The issuers have also played hard ball in the past without any nudging from regulators. Aviva, for instance, which had its own preference shares, inherited some others — of the perpetual variety — after it took over General Accident. On the face of it these GA prefs looked attractive, yielding over 6 per cent. But a few years ago Aviva tried to take out the structures and redeem them at par — they currently trade well above their face value. The ensuing rumpus was not a pretty sight to behold and eventually the management backed down. It is possible Aviva could have another go in future, though, as it found out, there can be reputational damage if the issuer is too heavy handed. Issuers now think more carefully about doing anything that might upset investors.
You’ll note my focus on redeeming a security and whether it is cumulative or not. Most preference shares cannot be called or redeemed — though that doesn’t stop issuers trying — but some Pibs and other perpetual hybrid structures can be called at par on certain dates. And if the issuer runs into trouble and cannot afford those payments, then under non-cumulative terms it can stop or defer paying the coupon.
If all this wasn’t confusing enough, you need to keep a wary eye on whether the price you see on screen — which usually features yawning bid offer spreads of around 5 per cent — is “dirty” or not. That’s not a smutty reference, but a description of whether the screen price (usually of a preference share) includes the accumulated interest (in which case it is) or excludes it.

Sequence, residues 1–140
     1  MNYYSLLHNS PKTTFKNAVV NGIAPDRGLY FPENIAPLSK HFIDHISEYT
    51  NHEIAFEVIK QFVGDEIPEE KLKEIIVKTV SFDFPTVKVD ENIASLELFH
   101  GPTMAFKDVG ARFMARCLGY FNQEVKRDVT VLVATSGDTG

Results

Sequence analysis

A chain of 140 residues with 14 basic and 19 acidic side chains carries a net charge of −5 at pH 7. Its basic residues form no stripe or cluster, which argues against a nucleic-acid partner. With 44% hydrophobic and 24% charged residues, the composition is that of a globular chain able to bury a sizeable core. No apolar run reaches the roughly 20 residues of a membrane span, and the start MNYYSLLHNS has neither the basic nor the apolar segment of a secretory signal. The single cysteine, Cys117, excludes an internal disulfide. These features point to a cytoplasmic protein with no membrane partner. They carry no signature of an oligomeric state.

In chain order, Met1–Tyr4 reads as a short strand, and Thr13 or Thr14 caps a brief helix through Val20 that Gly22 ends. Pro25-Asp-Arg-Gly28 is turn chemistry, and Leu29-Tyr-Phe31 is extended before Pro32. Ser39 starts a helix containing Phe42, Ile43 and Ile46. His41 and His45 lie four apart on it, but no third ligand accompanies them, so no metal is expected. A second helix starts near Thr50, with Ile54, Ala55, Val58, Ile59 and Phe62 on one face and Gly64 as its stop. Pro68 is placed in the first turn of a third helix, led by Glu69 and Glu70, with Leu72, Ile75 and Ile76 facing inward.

By now you will see this is both a complex and controversial niche within the much broader segment of finance sector bonds and loans. In the table below I’ve highlighted a selection of what I think are the most interesting and liquid structures from issuers we’ve all heard about.
I have no preferences except to say that more than a few active investors in this space highly rate the General Accident structures (two of them), despite my comments above.
As an aside, one small investment trust operating in this area, run by a fund manager called Axiom, has a decent slug of the National Westminster perpetual preference shares listed below. This fund (ticker AXI) is a closed-end fund listed on the UK market called the Axiom European Financial Debt Fund Ltd. It invests in many of these hybrids and has UK exposure of around 38 per cent, according to its fact sheet at the end of April.
It seems like a sensible way to diversify your exposure to this complex space and has a running yield of about 7 per cent and at 86p a share traded on a discount of around 2 per cent to NAV the last time I looked. Bear in mind, though, that all that diversification means there are also lots of European financials in the basket of securities — with Italy, Spain and Portugal amounting to 39 per cent of the fund’s value.